The authors locate the imagined 300-bed Fable Hospital 2.0 in a medium-sized American city equipped with comprehensive inpatient and ambulatory services. At 600,000 square feet, the facility is expected to cost $350 million to build. The hospital’s leadership endorse superior clinical quality, safety, patient-focused care, family-friendliness, staff support, efficiency, community responsibility, and ecological sustainability. The aim was to achieve a LEED gold status for the facility. It was expected that this hospital would achieve its payback for the investment in three years. Fable Hospital 2.0 would have the following design features:
Evidence-based innovations: The authors estimated that an expenditure of $26,206,275.00 would be incurred for the following EBD innovations:

  • Large single rooms: Better clinical outcomes because of reduction in hospital-acquired infections, adverse drug events, and falls. Allows family to partake in care; increased patient satisfaction.
  • Acuity-adaptable rooms: High infrastructure cost, but reduced patient transfers, medication errors, patient falls, and staff load; prevention of diagnostic and treatment delays, increased patient satisfaction.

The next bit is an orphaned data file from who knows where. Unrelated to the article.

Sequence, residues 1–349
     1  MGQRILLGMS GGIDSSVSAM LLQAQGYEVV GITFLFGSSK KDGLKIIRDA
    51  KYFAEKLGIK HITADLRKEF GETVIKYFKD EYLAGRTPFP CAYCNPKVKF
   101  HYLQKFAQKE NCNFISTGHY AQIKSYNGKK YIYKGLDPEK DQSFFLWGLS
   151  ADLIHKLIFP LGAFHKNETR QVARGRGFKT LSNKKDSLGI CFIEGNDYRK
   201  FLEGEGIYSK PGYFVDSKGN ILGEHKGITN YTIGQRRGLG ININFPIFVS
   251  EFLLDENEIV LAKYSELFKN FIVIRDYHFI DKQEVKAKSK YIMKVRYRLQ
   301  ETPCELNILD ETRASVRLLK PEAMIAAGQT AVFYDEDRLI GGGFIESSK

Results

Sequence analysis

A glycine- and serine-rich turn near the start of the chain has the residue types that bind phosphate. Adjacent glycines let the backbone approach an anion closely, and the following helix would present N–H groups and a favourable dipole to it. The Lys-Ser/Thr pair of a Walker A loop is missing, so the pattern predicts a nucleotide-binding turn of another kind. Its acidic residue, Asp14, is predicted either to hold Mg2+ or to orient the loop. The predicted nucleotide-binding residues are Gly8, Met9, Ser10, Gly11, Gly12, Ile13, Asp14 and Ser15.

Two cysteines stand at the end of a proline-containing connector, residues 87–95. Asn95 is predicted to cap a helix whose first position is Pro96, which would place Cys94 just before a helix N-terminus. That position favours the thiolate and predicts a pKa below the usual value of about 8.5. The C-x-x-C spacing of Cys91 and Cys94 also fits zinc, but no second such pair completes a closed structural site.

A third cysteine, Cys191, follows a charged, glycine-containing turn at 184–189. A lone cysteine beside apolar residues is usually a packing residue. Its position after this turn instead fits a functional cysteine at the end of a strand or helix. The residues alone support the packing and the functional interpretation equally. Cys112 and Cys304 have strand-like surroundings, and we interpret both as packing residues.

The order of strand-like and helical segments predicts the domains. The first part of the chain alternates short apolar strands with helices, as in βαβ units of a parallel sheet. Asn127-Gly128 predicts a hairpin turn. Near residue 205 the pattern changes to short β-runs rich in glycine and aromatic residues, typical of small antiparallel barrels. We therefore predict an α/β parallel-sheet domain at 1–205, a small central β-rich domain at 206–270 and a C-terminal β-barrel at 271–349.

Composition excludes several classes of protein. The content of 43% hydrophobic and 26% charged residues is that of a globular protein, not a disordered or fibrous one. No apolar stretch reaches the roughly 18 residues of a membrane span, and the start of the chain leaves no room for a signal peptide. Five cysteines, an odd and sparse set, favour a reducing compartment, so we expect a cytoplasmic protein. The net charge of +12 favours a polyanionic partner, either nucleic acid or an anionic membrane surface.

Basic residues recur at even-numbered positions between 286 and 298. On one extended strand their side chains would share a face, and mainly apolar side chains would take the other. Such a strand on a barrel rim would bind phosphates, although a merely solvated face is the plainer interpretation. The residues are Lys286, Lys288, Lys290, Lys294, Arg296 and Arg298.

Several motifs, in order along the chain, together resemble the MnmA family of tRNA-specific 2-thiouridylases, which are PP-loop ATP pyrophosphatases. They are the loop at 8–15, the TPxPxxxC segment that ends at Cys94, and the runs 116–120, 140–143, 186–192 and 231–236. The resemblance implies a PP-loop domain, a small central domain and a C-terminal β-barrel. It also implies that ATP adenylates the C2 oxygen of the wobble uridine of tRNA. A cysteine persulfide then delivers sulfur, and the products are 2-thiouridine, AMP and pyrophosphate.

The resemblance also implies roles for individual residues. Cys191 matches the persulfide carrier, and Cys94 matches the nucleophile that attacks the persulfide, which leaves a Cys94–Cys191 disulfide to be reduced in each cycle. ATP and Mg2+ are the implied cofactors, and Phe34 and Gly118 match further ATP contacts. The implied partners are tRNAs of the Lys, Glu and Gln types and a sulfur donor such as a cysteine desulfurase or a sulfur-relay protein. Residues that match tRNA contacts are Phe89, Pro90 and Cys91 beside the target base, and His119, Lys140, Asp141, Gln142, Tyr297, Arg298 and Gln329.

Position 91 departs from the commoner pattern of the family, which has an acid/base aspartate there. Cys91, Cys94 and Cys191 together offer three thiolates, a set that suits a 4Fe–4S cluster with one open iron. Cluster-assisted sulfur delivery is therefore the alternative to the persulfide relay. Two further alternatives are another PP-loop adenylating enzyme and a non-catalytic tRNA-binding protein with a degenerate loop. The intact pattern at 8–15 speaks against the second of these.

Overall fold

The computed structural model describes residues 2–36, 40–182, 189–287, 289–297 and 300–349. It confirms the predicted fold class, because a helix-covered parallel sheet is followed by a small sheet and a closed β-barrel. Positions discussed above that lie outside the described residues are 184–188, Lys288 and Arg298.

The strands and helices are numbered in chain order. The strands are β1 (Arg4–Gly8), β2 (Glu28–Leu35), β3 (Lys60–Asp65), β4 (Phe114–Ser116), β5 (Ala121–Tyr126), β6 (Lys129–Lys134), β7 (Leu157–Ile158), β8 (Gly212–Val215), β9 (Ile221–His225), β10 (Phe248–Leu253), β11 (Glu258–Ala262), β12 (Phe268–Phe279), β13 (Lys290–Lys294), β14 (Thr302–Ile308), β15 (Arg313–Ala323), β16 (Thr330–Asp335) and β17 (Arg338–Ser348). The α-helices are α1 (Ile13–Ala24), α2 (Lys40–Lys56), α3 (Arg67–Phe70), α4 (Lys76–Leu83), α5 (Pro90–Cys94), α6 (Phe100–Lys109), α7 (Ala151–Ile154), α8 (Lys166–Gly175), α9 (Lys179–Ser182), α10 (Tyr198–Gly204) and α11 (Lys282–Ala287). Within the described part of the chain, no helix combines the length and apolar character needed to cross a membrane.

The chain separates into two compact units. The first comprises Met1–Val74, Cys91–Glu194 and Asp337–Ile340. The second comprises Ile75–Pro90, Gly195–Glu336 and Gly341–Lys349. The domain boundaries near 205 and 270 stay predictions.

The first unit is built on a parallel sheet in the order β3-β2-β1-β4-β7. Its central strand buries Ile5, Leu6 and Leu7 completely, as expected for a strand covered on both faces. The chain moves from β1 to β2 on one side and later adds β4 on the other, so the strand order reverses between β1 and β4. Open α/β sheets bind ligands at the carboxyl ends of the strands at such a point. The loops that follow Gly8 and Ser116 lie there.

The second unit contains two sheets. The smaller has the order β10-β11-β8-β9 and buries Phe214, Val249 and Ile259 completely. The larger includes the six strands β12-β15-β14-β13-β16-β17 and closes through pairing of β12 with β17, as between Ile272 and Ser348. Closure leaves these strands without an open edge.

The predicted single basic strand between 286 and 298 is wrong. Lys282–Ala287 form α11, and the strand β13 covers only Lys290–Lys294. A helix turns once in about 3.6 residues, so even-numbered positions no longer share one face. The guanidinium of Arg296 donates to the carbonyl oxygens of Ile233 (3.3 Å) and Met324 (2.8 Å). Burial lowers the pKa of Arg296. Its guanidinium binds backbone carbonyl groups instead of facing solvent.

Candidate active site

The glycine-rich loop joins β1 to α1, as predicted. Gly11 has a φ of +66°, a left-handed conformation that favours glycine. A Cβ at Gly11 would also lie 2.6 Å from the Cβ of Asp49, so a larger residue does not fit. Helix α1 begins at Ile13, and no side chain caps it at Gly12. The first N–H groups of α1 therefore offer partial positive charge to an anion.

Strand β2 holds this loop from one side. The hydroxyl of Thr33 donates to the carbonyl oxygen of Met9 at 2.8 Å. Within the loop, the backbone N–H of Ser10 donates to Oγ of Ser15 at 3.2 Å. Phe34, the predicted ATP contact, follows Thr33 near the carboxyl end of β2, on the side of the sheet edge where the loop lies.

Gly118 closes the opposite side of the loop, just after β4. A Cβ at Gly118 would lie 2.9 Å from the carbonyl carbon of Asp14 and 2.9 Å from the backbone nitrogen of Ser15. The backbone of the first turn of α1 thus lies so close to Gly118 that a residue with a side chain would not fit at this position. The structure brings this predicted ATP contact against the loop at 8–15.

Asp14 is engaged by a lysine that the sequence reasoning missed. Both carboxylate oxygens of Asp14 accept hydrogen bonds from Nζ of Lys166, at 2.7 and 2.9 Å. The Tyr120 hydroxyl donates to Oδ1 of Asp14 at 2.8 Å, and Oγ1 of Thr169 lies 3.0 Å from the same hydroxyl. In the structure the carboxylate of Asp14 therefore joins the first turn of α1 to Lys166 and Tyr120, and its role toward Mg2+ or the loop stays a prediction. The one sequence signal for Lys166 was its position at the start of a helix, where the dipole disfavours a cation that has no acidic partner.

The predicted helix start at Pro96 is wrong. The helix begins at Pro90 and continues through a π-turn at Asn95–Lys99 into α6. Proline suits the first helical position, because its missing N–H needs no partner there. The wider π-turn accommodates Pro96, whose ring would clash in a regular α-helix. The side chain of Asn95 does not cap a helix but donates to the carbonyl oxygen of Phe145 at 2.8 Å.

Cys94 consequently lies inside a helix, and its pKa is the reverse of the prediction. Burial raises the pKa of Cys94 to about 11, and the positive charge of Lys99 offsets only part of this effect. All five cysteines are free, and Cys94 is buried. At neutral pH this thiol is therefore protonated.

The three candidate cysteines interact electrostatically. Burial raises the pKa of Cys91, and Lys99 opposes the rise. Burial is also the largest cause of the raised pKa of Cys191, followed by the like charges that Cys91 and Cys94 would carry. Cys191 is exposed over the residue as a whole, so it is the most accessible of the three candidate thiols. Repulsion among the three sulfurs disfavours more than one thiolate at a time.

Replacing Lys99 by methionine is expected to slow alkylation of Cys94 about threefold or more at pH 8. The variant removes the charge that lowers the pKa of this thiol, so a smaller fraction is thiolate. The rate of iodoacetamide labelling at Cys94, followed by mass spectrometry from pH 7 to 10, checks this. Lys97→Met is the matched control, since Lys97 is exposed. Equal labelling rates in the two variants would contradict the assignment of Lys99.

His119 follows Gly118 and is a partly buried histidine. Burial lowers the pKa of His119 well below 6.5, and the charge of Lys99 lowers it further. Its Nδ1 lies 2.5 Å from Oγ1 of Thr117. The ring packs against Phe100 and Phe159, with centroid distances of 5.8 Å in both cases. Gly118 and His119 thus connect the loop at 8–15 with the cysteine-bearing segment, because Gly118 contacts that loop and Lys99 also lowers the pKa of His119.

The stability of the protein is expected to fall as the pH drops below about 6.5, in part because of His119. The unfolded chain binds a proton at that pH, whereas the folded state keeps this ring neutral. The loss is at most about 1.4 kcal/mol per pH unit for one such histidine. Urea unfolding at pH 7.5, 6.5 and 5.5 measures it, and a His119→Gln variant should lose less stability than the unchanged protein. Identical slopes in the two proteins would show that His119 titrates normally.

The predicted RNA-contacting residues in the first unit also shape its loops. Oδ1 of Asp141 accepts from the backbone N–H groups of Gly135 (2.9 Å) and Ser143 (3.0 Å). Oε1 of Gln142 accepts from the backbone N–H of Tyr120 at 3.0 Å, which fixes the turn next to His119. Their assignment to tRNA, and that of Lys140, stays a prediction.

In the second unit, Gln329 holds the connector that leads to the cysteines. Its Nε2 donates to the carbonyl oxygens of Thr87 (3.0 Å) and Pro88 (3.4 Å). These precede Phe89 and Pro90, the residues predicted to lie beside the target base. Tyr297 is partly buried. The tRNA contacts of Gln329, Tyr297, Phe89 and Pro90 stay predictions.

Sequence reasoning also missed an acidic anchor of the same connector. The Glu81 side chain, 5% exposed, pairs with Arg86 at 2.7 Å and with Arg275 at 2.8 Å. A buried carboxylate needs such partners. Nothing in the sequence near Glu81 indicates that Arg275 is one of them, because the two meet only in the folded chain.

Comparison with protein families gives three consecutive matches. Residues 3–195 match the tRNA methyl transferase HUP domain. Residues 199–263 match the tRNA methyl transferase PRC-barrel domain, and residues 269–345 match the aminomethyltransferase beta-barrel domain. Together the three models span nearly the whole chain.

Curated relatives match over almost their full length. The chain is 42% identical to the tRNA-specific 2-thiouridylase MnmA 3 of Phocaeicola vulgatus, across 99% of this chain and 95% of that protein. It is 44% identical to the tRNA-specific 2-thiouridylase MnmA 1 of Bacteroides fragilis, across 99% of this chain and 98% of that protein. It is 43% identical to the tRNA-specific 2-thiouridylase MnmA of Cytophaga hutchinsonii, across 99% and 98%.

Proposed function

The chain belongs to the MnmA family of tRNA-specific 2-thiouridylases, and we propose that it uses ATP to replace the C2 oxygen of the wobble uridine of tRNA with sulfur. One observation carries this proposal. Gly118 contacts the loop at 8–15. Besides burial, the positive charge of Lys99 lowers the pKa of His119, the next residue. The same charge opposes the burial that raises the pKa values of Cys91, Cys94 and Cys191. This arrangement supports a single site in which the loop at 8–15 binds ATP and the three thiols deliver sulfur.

• Larger windows: More natural light and views of nature are beneficial to both patients and staff.
  • Larger patient bathrooms with double-door access: Reduced patient falls en route or in the bathroom.
  • Ceiling-mounted patient lifts: Reduced musculoskeletal injuries sustained by staff from manually lifting patients
  • Enhanced indoor air quality: HEPA filtration is 99.97% effective in removing airborne contaminants.
  • Decentralized nursing substations: Allow nurses to see into patient rooms, respond to issues more quickly, help reduce patient falls, and increase direct patient care
  • Hand-hygiene facilities: Access to sinks in all patient rooms – increase handwashing compliance
  • Medication task area lighting: Reduced errors in dispensing of medications